• According to a 2001 study by the National School Safety Center, 60% of high school boys surveyed said they could get a gun if they wanted to,and 69% said they knew where and how to obtain drugs. It can be hard to bring up such fraught topics with your teens, especially when many can be set off by simple things like breakfast cereal choices or World of Warcraft. But according to the American Academy of Pediatrics, only 25% of teens felt they got enough guidance on these topics from their parents. Check out their great tips on making sure the right messages get through to your kids.
  • A driver’s license is like a ticket to a new world with its own opportunities and risks. The State Farm Teen Driver Safety website is a great way to learn about the biggest risks for beginning drivers, and how to reduce them (did you know that 40% of teen crashes are caused by improper scanning techniques? A spin around this driving simulator could help your teen hone hers). And Turn Key Office has put together a great list of phone apps that will stop your teen from texting while driving, whether her boyfriend REALLY NEEDS to hear from her or not.
  • The Internet is yet another universe open to your kids — in fact, it might seem like they live there full-time. Digital natives may know their way around the net, but this report from McAfee shows that teens can be just as fast and loose with their personal info as they are with their allowance, putting them at risk for social stalking,identity theft, and even burglary. Take a minute to emphasize the importance of online privacy with your kids — this digital security quizis a great way to start.
  • Teens are old enough to take an active role in home security. Teach them how important it is to lock the doors and set the alarm whenever they leave the house.

How old are your kids? Do you have any advice for parents getting ready to welcome theirs into the next life stage? Share in the comments!

See more at: http://simplisafe.com/blog/back-to-school-tips#sthash.O0mxa4Ju.dpuf

Miley Cyrus’ VMA Performance: A 20-something’s Response

By Cameron Crane



I watched Miley Cyrus’ VMA performance on Monday morning. I do not typically tune in to the VMAs, but after reading status after status from my friends on Facebook, I simply could not resist.

What was Miley Cyrus thinking?/ I’m so disgusted right now./What is this world coming to? The list went on and on. I thought people must be overreacting. I thought it was going to be another Kanye West moment that would blow over in a matter of days. And then I watched the video.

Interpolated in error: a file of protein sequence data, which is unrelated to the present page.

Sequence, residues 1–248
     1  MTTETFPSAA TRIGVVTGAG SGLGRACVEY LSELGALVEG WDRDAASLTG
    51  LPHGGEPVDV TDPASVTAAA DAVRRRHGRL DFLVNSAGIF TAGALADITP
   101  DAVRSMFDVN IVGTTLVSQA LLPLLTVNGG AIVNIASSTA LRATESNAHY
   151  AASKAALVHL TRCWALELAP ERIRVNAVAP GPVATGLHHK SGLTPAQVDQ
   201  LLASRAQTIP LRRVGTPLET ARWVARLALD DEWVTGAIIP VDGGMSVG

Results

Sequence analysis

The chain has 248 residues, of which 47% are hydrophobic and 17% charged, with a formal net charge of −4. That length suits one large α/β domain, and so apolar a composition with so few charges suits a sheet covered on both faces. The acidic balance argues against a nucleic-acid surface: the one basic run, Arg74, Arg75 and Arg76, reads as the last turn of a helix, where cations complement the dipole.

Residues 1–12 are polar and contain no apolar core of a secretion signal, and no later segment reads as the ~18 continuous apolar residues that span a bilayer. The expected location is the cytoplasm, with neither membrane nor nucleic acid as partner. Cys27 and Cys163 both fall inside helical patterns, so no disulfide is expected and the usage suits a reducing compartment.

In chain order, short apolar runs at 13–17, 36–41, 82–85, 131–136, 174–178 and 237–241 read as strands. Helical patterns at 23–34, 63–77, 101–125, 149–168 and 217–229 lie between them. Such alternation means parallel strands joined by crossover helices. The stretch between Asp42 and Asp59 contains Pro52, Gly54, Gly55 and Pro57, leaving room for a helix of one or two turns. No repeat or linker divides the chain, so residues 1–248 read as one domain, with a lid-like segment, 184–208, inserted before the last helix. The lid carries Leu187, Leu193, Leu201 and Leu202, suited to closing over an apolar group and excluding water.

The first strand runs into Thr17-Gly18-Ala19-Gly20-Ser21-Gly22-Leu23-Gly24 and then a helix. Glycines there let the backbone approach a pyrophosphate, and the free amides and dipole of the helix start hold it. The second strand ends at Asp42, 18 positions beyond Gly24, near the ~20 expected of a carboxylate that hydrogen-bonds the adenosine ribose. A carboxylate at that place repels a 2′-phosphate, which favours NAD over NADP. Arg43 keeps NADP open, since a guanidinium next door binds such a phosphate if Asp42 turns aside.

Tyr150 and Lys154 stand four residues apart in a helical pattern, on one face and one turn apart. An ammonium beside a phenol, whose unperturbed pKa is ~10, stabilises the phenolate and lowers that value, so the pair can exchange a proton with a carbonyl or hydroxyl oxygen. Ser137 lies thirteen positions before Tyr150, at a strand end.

Now first, allow me to say, I am far from a prude. As someone who was first allowed to watch MTV in the Britney era, I am no stranger to risqué performances. As I watched Miley, though, I was taken through a range of emotions: shock, disgust, anger, embarrassment—but mostly I was sad. I was sad because I was watching a girl who had an opportunity to grow up and be a talented, beautiful, passionate role model throw it all away.

On one hand, I felt like I was watching someone who had been possessed by aliens. How could she think what she was doing was sexy? On the other hand, I completely understood. Miley’s performance was an exaggerated representation of what many of today’s girls go through as they walk the line between being a child and being an adult. They want to grow up, they want to be independent, and they want to be sexy.

Growing up, I had two older sisters, and I can remember the desire to be like them. As early as fourteen, I remember desperately trying to figure out how I could be sexy. At seventeen, I remember giving my friends a lecture about how flirtation was all about eye contact. Even through part of college, I tried to force some media-bought idea of what it meant to be sexy on myself. Everybody was. But no matter how hard I tried, I never really felt “sexy”– probably because I didn’t understand what “being sexy” was really all about.

If you are a teenager, and you want to be sexy, I am not going to discourage you. It’s natural. You don’t deserve a lecture for that. I am, however, going to encourage you to embrace sexiness for what it really is, and not the forced, distorted version of sexuality that manifested itself into Miley’s performance. Looking back, I can see that when my mom told me I was “too young to be sexy”, she wasn’t setting a restriction for me—she was acknowledging a fact. Sure, I was attractive, but the fundamental elements of sexy were still developing.

So from my personal experience, here are 15 elements that I’ve learned go hand and hand with being sexy:
  1. Be Passionate. Go after your dreams, pursue your talents, and don’t let anybody stand in your way. Passion is sexy.
  2.  Define your values. They will determine every decision you will make for every day of the rest of your life. Values are sexy.